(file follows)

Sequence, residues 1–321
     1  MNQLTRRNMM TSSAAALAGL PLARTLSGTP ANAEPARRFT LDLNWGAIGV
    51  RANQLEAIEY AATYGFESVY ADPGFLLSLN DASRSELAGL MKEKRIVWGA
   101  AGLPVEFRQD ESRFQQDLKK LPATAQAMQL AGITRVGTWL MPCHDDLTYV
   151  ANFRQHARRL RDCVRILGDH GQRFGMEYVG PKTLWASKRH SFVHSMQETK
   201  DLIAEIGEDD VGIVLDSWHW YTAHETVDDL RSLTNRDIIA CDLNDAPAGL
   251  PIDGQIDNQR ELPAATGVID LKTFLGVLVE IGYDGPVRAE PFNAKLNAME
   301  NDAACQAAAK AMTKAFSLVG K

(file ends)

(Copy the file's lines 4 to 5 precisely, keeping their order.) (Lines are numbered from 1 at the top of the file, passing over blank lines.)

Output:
   101  AGLPVEFRQD ESRFQQDLKK LPATAQAMQL AGITRVGTWL MPCHDDLTYV
   151  ANFRQHARRL RDCVRILGDH GQRFGMEYVG PKTLWASKRH SFVHSMQETK